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Barbarikon (Ancient Greek: Βαρβαρικόν) was the name of a sea port near the modern-day city of Karachi, Sindh, Pakistan, important in the ancient era of the Indian subcontinent in Indian Ocean trade. The port is considered one of the premiere ports regarding the interaction between ancient India with the Middle East and Mediterranean world.[1] It comes from the Greek word of the term (also in Latin, barbaricum), designating areas outside the civilization and/or the Roman Empire and the Greek world.

It may have been a translation from Sumerian word Meluhha for the sindh from which the Sanskrit word for barbarian, Mleccha derives.

Barbarikon as mentioned in Periplus of the Erythraean Sea

Barbarikon is mentioned briefly in the Periplus of the Erythraean Sea:

"This river [the Indus] has seven mouths, very shallow and marshy, so that they are not navigable, except the one in the middle; at which by the shore, is the market-town, Barbaricum. Before it there lies a small island, and inland behind it is the metropolis of Scythia, Minnagara; it is subject to Parthian princes who are constantly driving each other out."
"The ships lie at anchor at Barbaricum, but all their cargoes are carried up to the metropolis by the river, to the King. There are imported into this market a great deal of thin clothing, and a little spurious; figured linens, topaz, coral, storax, frankincense, vessels of glass, silver and gold plate, and a little wine. On the other hand there are exported costus, bdellium, lycium, nard, turquoise, lapis lazuli, Seric skins, cotton cloth, silk yarn, and indigo. And sailors set out thither with the Indian Etesian winds, about the, month of July, that is Epiphi: it is more dangerous then, but through these winds the voyage is more direct, and sooner completed."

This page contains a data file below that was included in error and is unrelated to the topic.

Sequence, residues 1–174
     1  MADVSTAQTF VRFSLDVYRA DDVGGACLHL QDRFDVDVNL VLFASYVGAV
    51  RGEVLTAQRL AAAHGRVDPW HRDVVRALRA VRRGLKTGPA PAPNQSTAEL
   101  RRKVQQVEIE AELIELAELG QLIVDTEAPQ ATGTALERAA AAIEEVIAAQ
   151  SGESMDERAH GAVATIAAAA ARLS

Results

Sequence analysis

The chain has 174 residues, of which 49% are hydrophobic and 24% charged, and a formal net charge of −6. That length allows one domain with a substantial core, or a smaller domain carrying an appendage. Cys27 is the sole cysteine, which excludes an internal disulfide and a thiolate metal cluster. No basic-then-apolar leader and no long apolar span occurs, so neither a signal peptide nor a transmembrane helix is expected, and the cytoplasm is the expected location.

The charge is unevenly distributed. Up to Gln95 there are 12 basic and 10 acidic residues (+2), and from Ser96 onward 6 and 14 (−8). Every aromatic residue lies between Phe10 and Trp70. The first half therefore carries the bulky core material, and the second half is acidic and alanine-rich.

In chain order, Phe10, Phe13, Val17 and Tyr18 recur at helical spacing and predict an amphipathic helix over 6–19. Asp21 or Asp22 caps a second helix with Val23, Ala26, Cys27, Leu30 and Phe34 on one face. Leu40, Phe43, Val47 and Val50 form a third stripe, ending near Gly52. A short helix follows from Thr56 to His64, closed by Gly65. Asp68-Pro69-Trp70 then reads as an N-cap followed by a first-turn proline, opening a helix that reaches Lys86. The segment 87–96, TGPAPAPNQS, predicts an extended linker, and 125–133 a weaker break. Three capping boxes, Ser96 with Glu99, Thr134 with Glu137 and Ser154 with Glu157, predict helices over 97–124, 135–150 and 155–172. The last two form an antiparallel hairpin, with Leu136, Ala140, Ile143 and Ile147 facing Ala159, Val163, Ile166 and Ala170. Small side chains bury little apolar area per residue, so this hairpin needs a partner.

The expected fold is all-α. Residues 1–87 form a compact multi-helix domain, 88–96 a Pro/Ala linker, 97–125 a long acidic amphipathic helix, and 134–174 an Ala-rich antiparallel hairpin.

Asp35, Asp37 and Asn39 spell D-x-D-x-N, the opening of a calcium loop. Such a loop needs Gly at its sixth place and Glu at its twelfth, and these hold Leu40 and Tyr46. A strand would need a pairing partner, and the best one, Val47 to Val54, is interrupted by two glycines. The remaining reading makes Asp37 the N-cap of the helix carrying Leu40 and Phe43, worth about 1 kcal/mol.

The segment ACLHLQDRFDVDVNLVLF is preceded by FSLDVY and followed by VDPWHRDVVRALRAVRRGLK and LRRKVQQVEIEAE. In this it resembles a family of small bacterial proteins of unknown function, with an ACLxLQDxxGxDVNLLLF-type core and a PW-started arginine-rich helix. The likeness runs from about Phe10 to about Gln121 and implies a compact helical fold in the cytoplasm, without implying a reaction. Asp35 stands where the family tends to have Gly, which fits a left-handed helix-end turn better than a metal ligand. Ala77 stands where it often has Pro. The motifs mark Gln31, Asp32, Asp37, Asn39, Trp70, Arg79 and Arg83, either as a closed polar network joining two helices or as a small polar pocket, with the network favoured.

Its principal function beyond supplying its immediate hinterland was as a transshipment port for supplies of Persian turquoise and Afghan lapis lazuli, to be carried overland to Egypt.[2]

See also[edit]


  1. ^ Rawlinson, H. G. (2001). Intercourse Between India and the Western World: From the Earliest Times of the Fall of Rome. ISBN 9788120615496.
  2. ^ Wendrich, W. Z.; R. S. Tomber; S. E. Sidebotham; J. A. Harrell; R. T. J. Cappers; R.S. Bagnall (2003). "Berenike Crossroads: The Integration of Information". Journal of the Economic and Social History of the Orient. 46 (1): 59–60. doi:10.1163/156852003763504339.

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